Brand loyalty…when it goes too far

We are all consumers of different type of products: coffee, wine, TV(s), tablets, smartphones, and the list goes on. And of course as we get older and independent, our taste for product types, brands, quality is getting established and in some cases, we choose to stick with a certain brand in a product category, often for long years.

Image courtesy:

We just love how that brand proves itself with design and material quality, sensible functions, comfort. Or, it just has a cool logo, looks like your favorite fruit 🍎… Such we have with certain clothing and shoe brands, tablet and smartphone designers/manufacturers for example, and these are the biggest examples too I think these days, those you spot easier and most often. There is nothing wrong with it either, after all, it is about our well-earned cash we invest in those brands’ products, so, it’s certainly a great thing if it pays off in the long run with satisfying our expectations in their category, or, in some cases, even better, scoring above expectations. It happens. So, logically, you become loyal to the brand.

The trouble is when a far too extreme set of feelings grows with brand loyalty in combination with a far too weak, highly unstable personality. When loyalty gets extreme, in most cases with “just” trolling occasionally with lighter expressions as ‘iSheep’ ‘fandroid’ or ‘MS-shill’ (a few classic old ones) and that is where it ends too, OR, gets highly aggressive to “protect” his/her brand (or justify his purchase decisions, yearly and very expensive ‘upgrades’ for another megapixel extra).

Former troll you just laugh about, ignore, often maybe not even blocking as it never really crosses a certain line. Hell, even amuses at times. Latter, however, is seriously abusing. Getting all the way personal, self outside the scope of brand discussions (or brand WARS, let’s state the obvious), prepared to cross every imaginable line in a conversation, throwing the most indecent, outright filthiest comments if he finds necessary, just for one purpose seemingly: protect what he thinks and feels about as his own, THE brand! That’s the troll indeed a normal person just can’t understand nor accept, and wants to get rid of. But why does such a thing exist, happen, and it happens (online) far too often?!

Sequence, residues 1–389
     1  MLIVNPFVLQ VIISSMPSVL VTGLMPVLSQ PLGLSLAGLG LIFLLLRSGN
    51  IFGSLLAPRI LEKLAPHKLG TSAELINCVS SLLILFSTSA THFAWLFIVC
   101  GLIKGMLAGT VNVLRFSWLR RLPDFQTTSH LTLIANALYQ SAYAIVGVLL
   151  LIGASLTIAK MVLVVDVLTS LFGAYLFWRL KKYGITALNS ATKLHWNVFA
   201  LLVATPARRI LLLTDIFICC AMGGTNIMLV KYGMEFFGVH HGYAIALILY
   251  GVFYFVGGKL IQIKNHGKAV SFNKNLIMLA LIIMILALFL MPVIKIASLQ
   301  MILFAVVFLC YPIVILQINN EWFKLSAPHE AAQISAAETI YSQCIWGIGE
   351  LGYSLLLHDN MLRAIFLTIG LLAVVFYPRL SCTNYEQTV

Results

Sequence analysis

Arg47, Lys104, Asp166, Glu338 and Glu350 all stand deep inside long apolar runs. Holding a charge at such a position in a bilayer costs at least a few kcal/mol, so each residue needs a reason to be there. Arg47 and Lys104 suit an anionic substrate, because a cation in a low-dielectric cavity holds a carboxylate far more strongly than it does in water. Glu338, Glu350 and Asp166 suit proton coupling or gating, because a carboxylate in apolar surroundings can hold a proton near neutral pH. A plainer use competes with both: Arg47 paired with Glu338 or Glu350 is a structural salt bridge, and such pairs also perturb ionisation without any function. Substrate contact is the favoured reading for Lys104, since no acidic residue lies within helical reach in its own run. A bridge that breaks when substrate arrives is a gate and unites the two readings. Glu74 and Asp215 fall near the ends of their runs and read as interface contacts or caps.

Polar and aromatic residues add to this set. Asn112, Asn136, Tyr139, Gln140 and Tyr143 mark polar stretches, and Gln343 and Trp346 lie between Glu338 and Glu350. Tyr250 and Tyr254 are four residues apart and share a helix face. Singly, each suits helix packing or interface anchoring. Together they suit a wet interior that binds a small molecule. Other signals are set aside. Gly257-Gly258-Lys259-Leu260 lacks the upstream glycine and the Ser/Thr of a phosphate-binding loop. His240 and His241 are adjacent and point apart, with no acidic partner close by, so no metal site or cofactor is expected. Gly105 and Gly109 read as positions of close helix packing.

I think of some viable choices when it comes to exploring possible reasons, and for clarification and disclaimer: just my opinion, I am by no means an expert in psychology or anything related, just what I think could be logically served as the reason:

  • Unconsciously, trying to justify (repeated) purchase. Insecure about the value of the item somewhere deep down and if he/she should have done the “upgrade” in the current financial situation, but blinded (and maybe scared by possible outcome of an analysis) to see, THE logo shines all too bright!
  • No (or not much of) satisfying social experiences for a while. The old and basic urge to belong to a person, big group, camp, getting there his points and appreciation from his “mates”, cult members, goes even so far to call family members. Must protect this experience at all cost, and showing his brand loyalty to the new found “family” of the cult, no matter what. After all, what else is left there in life…
  • Superiority complex. Oh hell yeah, among tech fans particularly this one must be well-known! Whatever development happens, one brand MUST  be and is the real shizzle and saint, compared to anything else (especially compared to its main rivals), because I can only have the No.1., the COOL and most advanced, shiniest, biggest, and as the first on the planet! That basically explains those little online Hitlers/Napoleons of brands or products (Apple<–>Samsung, iOS<–>Android, Adidas<–>Nike, for three examples).

What is common, none of the times when they are asked could they serve with well formed, structured, in-depth technical (if needs) reasoning to answer the whys, why could be or should be there only One (which we know, would be terrible, monopoly isn’t very good for development, innovation). Just feelings, curses, abuses what one can expect instead of conversation of reason and coherence.

But I am no expert at all, and I respect those with more knowledge, better insights in the (fascinating) topic like the ones below:

Pew Research Center’s analysis, findings

Study on ScienceDirect (complete with PDF file)

Or a complete looking summary of types of trolls, and some advices on how to handle each, from BuzzFeed


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